Remembering the migrant architects of the NHS: By Julian Simpson
The National Health Service is frequently referred to as a ‘typically British’ institution.
The former Conservative Chancellor Nigel Lawson famously said it is the closest thing the English have to a religion. The phrase ‘the architects of the NHS’ is used to invoke the Labour Health Minister Aneurin Bevan and the social reformer William Beveridge who contributed to the establishment of a system that aimed to provide free healthcare for all. What is often forgotten, or certainly insufficiently recognised, is that the NHS has from the outset been dependent on migrant workers, often from black and minority ethnic backgrounds, to deliver that vision. Take the BBC website’s page on the early history of the NHS – not one of the images featured shows a non-white person (http://www.bbc.co.uk/archive/nhs/index.shtml).
The contrast with the reality of lives in GP surgeries and hospitals across the UK could not be starker. And this has been the case since the NHS was set up in 1948. In the early 1950s, over 10% of doctors had qualified outside of the UK. Over time, the reliance on migrant doctors from Central Europe and the Republic of Ireland gave way to a dependency on medics trained in the Indian subcontinent -10,000 of them were working in the UK by the end of the 1970s. Today, around a third of NHS doctors are overseas-born. Of course, the migrant workforce is not limited to doctors: a survey conducted in a London hospital thirty years ago found that over 80% of caterers and cleaners were overseas-born. Thousands of nurses from the Caribbean came to work in the NHS in its early years– there were between 3-5,000 Jamaican nurses working in British hospitals by the mid-1960s. More recently, countries such as the Philippines and South Africa have made significant contributions to the nursing workforce.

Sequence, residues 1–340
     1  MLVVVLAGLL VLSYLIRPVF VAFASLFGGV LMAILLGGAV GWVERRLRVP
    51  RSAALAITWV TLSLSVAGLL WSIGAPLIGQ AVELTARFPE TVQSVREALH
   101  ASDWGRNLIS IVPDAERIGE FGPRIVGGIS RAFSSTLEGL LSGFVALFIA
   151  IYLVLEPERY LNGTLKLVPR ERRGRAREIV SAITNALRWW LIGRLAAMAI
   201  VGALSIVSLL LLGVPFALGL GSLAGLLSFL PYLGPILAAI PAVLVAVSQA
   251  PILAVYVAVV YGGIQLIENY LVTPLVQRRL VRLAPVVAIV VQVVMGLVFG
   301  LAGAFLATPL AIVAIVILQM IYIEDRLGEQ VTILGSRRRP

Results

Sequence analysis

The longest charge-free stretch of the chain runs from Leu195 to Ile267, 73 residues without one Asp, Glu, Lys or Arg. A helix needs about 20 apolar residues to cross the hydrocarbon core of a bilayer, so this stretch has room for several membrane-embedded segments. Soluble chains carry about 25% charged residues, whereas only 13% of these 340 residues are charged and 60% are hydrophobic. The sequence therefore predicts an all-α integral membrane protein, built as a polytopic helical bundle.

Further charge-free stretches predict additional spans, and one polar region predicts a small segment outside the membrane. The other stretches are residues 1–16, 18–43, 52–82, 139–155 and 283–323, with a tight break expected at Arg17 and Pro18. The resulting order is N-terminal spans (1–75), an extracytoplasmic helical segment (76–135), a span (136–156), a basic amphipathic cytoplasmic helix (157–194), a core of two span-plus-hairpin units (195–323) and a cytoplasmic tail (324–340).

As is often the case with migrants, these workers found themselves doing the jobs that local people did not want to do. This goes for cleaning for instance, but also involves working nightshifts, caring for the elderly or the mentally ill and being based in less affluent areas. A large number of migrant doctors became geriatricians or psychiatrists and by the early 1990s a third of GPs in Manchester and Sunderland had trained in the Indian subcontinent. In parts of Greater London like Barking and Havering, the figures were even higher.
If the NHS is indeed a national religion, many of those who kept the faith alive are to be found amongst the generations of migrants who worked for the organisation. The architects of the NHS are also those that through their work and initiatives contributed to its development and made it what it is today. They say be kind to your children, they will choose you nursing home. On the same basis, it might be worth starting a more positive dialogue about the role of migrants in the UK. They have historically played a huge part in the care of the most vulnerable sections of society and continue to do so today. Perhaps a monument to those who have contributed so much in the context of the National Health Service would help to reframe discussions about what it means to be British and who made the UK what it is today.
1. Jannett Creese on her ward on Christmas day 1960. (Copyright: migrant healthworkers.org.uk)
2. Dr Dipak Ray fronting an equal opportunities campaign with the then TUC general secretary Len Murray. (Copyright: migranthealthworkers.org.uk)
Julian Simpson has just completed a PhD on the role of South Asian doctors in the development of general practice in the NHS. He is a
research associate at the Centre for the History of Science, Technology and Medicine at the University of Manchester.
The views expressed here are his own.
More information on the roles of migrants in the NHS workforce can be